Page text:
Let’s get started, Reabr!

Let me introduce you to a brand new project called Reabr. In short, it is a resource manager – links to websites on the Internet. Reabr, in our opinion, has great potential. You can discover the possibilities of Reabr with us.

Reabr aims to bring a whole new and different way of organizing and sharing existing resources on the Internet – links to websites.

Just as you can now organize your bookmarks, for example in Google Chrome or other web browsers, Reabr is similar in this and offers these functions. In addition, it keeps links from the browser in the cloud, offering you additional options for working with links, such as sharing or collaborating. And that’s just the beginning.

Reabr is now in its original beta and contains only a basic set of features. I believe that this pilot version can also be a useful tool for many of you and that it is definitely worth a try.
In this first phase, the focus of development is mainly on working with bookmarks.

Reabr board preview with links about architecture.
And now we’re serving a little closer.

You must have your own user account to actively work with links, add and manipulate them. Signing in is now possible through the integration of Google sign-in services. You can use your existing Google Account (this method also allows you to safely remove your account at any time). Just select an account and you’re done. Reabr will create an account for you and create a default profile. No login is required to passively watch existing content in Reabr.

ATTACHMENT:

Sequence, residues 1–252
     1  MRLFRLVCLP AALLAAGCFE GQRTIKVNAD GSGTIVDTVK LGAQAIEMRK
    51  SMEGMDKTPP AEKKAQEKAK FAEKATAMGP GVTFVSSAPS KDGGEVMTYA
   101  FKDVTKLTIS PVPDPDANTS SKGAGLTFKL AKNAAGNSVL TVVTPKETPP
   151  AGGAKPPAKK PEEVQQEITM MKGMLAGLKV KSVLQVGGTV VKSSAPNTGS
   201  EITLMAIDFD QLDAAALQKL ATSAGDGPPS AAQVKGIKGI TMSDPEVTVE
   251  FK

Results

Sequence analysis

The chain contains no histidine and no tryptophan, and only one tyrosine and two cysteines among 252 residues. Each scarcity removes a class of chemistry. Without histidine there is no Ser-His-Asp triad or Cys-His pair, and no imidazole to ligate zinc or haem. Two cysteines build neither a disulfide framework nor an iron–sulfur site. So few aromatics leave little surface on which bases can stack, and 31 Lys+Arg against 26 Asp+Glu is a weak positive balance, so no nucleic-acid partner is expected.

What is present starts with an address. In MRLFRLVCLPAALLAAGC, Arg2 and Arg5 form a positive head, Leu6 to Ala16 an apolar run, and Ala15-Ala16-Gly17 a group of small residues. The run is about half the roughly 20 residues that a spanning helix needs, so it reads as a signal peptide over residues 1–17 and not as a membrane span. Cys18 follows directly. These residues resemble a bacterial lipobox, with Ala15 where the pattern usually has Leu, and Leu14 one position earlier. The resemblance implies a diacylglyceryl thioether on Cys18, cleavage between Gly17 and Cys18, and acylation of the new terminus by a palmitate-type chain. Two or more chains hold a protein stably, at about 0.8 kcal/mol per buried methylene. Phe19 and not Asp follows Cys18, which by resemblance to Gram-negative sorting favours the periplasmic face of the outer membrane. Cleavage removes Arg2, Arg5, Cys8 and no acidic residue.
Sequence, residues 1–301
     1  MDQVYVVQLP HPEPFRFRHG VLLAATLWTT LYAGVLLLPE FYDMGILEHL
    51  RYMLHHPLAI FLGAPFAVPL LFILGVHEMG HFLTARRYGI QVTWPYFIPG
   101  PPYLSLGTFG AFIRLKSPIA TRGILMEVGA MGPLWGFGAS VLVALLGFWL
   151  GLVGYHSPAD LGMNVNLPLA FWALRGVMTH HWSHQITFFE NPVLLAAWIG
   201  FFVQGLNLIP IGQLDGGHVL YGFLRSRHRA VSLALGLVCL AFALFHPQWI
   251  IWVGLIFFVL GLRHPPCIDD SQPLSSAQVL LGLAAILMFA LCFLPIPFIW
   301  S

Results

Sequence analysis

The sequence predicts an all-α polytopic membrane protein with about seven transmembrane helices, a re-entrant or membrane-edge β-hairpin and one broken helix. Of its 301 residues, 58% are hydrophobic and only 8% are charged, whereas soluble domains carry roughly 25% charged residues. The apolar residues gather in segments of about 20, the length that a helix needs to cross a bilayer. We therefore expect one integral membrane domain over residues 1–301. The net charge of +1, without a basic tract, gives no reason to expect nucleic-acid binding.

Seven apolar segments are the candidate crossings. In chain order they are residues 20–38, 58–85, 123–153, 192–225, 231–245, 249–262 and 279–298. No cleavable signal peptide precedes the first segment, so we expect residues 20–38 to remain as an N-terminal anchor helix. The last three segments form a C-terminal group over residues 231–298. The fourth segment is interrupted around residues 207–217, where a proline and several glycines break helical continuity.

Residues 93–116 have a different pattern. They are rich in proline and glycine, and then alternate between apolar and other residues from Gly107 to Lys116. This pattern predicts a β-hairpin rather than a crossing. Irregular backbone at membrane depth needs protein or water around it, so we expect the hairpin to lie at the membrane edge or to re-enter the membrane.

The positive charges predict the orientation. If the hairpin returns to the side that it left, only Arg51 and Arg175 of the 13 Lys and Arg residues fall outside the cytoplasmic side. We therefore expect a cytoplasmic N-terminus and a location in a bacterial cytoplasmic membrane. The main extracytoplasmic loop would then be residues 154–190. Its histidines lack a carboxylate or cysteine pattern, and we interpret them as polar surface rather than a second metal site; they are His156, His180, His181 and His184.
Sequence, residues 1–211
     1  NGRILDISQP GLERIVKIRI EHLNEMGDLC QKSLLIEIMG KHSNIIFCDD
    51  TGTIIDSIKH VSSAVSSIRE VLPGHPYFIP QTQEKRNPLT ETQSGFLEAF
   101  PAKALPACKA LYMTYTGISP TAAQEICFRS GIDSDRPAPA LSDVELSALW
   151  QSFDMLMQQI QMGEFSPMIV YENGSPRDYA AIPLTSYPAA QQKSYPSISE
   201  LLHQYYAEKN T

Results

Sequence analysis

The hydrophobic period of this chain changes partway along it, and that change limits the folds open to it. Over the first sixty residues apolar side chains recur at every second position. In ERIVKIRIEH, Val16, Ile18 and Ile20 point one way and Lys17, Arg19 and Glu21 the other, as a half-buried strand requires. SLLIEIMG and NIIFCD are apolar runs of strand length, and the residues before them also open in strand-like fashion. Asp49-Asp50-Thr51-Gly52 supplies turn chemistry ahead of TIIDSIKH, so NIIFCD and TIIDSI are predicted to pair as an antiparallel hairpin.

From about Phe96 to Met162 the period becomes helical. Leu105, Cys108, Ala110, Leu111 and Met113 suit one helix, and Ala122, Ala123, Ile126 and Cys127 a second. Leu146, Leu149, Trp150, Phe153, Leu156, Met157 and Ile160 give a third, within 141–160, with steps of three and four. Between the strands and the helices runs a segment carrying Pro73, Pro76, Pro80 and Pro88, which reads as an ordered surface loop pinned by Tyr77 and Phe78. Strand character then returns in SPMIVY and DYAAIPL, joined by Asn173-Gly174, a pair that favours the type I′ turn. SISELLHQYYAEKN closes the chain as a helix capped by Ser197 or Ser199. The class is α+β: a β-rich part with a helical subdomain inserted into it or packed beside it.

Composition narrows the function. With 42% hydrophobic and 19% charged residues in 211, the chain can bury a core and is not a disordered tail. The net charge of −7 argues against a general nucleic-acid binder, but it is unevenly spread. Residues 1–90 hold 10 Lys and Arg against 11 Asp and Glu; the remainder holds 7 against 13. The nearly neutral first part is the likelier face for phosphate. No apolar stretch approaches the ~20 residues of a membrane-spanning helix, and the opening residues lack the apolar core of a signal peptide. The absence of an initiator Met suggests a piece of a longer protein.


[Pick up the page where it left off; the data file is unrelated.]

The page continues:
Basic design of the Reabr

The profile serves as a starting point for managing your links. You now have one profile that represents your account that you use to log in to Reabr.

Each profile contains link boards. A bulletin board is a folder that contains thematically similar links. In addition to the basic organization of links, the application also has more advanced functions such as sharing, etc. But that’s about that next time.

The basic and also the main element is the so-called entry. Represents a link to a given website – ie a bookmark. Each entry is a gateway to the web link you added and is included in the appropriate bulletin board.

In Reabr you will see all the links you have entered chronologically, as you entered them.

As you can see, it is very simple and effective.

Many other operations can be performed across the bulletin boards, which are only available for testing in the pilot version.

Wondering how I can bookmark my favorite websites. In the next posts, I will try to outline the basic operation of the Reabr application and gradually discover new features.

Here we go! Go to Reabr.

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